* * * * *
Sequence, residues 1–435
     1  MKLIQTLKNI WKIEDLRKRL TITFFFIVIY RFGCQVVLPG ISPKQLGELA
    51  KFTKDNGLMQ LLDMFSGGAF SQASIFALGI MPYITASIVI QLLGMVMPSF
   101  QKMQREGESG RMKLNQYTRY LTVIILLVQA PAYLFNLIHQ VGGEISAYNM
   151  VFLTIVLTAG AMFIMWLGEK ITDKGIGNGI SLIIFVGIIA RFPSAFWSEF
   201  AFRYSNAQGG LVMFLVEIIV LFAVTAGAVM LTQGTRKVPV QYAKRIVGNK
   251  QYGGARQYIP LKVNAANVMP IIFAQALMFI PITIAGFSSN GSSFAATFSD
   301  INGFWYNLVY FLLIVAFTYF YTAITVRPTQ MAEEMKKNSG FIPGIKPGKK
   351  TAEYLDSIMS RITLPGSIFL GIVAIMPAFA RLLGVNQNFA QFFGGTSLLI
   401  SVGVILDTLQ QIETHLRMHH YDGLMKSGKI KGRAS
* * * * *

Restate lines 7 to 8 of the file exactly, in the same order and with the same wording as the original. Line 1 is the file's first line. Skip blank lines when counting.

   251  QYGGARQYIP LKVNAANVMP IIFAQALMFI PITIAGFSSN GSSFAATFSD
   301  INGFWYNLVY FLLIVAFTYF YTAITVRPTQ MAEEMKKNSG FIPGIKPGKK